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Imperial Gazetteer of India, v. 24, p. 25.

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of rice and 47 square miles of rabi crops. The estimated cost, including
indirect charges, is 51ly lakhs.
Tribeni Village (` Three streams').-Village in the head-quarters
subdivision of Hooghly District, Bengal, situated in 22° 59' N. and 88°
26' E., and now included within the Bânsbaria municipality and con-
nected with Magra by a branch of the Bengal Provincial Railway. It
derives its name from its situation at the junction of the Ganges or
Hooghly, the Saraswati, and the Jamunâ. The last-named stream
flows into the Hooghly on its left bank, opposite the southern extremity
of an extensive island in the middle of the river facing Tribeni. North
of the Saraswati is the Tribeni ghdt, a magnificent flight of steps
attributed to Mukund Deo, the last of the Gajapati kings of Orissa,
1559-68. South of the ghdt lies the village of Tribeni, which is con-
sidered to possess great sanctity. The Rev. Mr. Long, in an article in
the Calcutta Review published many years ago, says that Tribeni was
one of the four great centres of Hindu learning, the others being
Nabadwip, S.ntipur, and Guptipara. Tribeni formerly contained over
thirty Sanskrit schools and it was also once noted for its trade.
South of Tribeni village stands a famous mosque, built with materials
obtained from an older Hindu temple, which contains the tomb of
Jafar Khan, described by the late Professor Blochmann in the journal
of the Asiatic Society of Bengal, vol. xxxix, part i, for 1870, p. 282.
The principal Hindu festivals held at Tribeni are the following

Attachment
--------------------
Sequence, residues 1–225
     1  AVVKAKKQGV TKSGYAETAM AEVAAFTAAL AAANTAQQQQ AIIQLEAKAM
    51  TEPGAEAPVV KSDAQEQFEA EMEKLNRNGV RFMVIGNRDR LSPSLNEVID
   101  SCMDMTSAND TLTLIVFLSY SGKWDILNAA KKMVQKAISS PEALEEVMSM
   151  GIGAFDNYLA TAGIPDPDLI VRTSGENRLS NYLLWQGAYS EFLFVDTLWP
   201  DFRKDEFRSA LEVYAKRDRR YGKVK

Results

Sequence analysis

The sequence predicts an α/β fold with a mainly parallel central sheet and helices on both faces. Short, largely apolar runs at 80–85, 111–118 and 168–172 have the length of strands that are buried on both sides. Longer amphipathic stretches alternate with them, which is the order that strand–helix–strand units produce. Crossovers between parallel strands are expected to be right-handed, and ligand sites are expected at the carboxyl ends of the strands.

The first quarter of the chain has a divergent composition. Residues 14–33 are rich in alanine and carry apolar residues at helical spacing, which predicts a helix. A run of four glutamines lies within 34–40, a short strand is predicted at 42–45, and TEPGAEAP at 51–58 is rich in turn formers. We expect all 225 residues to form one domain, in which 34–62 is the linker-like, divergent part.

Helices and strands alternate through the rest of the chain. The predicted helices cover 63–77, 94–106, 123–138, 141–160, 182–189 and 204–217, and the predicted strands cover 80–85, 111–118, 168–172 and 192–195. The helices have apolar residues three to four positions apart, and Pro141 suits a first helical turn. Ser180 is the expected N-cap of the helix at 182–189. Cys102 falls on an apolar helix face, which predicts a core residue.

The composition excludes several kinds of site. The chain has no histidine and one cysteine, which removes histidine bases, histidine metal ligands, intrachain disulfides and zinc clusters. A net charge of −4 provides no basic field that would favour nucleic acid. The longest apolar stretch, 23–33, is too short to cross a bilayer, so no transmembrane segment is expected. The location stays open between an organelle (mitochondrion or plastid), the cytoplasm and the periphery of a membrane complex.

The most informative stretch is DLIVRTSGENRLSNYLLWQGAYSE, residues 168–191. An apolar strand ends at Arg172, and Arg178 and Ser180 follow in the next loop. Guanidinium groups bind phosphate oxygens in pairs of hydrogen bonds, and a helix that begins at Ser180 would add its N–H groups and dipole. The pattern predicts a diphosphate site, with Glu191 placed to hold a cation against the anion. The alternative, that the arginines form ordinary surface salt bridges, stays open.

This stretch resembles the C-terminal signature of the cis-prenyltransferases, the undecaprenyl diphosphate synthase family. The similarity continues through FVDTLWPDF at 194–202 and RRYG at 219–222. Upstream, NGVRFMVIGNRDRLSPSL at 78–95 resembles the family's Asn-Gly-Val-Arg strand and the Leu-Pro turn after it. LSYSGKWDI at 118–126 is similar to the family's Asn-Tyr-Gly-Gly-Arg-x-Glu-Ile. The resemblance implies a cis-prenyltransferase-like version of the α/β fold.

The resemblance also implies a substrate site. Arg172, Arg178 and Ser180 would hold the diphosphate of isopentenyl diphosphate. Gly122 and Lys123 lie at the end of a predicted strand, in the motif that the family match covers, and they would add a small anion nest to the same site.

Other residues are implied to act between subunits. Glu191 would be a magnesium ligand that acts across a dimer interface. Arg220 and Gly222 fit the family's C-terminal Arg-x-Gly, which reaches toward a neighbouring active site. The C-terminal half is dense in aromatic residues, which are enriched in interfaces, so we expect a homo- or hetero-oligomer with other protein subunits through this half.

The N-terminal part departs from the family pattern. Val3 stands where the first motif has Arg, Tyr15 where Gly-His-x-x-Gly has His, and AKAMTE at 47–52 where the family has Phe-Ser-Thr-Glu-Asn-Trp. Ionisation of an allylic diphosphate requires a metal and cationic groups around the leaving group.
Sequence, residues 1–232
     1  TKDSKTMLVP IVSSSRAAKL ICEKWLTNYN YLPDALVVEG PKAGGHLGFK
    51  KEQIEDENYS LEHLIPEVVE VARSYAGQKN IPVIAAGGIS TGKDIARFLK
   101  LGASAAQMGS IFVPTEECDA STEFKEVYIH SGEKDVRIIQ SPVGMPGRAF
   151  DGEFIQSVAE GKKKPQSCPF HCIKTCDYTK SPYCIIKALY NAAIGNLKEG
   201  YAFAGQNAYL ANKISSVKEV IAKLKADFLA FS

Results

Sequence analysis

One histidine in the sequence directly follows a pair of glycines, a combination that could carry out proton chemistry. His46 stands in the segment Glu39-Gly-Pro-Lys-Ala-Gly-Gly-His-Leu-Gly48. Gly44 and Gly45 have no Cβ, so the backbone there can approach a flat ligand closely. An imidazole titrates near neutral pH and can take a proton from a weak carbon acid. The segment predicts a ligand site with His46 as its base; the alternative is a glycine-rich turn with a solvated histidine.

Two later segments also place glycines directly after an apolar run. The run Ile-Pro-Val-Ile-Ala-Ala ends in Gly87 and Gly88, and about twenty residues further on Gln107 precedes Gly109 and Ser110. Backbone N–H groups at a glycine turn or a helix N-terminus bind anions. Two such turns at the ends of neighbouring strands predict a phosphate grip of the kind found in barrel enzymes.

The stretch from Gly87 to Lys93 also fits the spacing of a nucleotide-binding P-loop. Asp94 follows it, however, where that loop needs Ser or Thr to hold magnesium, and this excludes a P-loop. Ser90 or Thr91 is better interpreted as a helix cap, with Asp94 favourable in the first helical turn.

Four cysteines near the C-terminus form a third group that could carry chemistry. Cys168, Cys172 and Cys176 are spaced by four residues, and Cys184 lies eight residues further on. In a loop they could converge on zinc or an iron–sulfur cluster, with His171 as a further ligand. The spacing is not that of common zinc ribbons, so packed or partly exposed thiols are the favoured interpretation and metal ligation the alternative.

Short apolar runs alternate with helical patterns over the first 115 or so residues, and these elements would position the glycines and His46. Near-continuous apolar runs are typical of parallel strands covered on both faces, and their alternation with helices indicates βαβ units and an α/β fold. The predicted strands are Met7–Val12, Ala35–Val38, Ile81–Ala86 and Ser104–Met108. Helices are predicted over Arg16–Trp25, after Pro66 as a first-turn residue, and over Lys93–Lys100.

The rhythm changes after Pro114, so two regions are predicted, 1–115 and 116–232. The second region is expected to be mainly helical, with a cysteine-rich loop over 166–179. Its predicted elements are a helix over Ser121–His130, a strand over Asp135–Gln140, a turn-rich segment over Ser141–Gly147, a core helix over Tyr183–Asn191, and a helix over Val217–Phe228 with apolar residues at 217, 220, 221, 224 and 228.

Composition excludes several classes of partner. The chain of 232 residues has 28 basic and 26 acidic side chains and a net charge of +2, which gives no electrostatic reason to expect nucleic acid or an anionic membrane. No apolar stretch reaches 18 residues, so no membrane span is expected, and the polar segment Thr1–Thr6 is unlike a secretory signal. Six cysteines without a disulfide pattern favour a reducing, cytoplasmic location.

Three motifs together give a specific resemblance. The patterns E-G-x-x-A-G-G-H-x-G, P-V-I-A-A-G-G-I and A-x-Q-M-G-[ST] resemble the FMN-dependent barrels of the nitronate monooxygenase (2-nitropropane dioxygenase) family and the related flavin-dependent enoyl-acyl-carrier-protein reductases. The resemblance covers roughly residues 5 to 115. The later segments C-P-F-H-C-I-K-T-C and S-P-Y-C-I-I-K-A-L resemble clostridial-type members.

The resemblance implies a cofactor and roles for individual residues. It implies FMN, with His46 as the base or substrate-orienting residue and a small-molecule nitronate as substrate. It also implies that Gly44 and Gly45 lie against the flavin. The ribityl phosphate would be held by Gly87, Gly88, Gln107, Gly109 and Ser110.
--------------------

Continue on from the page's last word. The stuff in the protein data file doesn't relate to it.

Makara Sankranti or Uttarâyan, the day on which the sun enters
Capricorn, takes place in January on the last day of the Hindu month
of Paus and the first day of the succeeding month of Mâgh. The
great bathing festival on Sagar Island is held at this time, and a mela
or fair at Tribeni, which is attended by about 8,ooo persons; Bisuva
Sankrânti, held in honour of the Sun at the time of the vernal equinox,
falling in February ; Bâruni, the great bathing festival of Bengal, in
honour of Varuna, the god of the waters, held in February or March ;
Dasaharâ,, held in June, in commemoration of the descent of the
goddess Gangâ from heaven, to save the souls of the 6o,ooo sons of
king Sagar, who were reduced to ashes for the crime of assaulting
a Brahman sage ; Kartik Pfljâ, held in November, in honour of
Kartikeya, son of the goddess Durga. All these gatherings form
occasions for trade.
Trichendoor.-Town in Tinnevelly District, Madras. See TIRU-

Triehengode.-Tdluk and town in Salem District, Madras. See
Trichinopoly District.-An inland District in the south of the
Madras Presidency, lying between ro 16' and 11° 32' N. and 78° 8'
and 79° 3o' E., with an area Of 3,632 square miles. It takes its name
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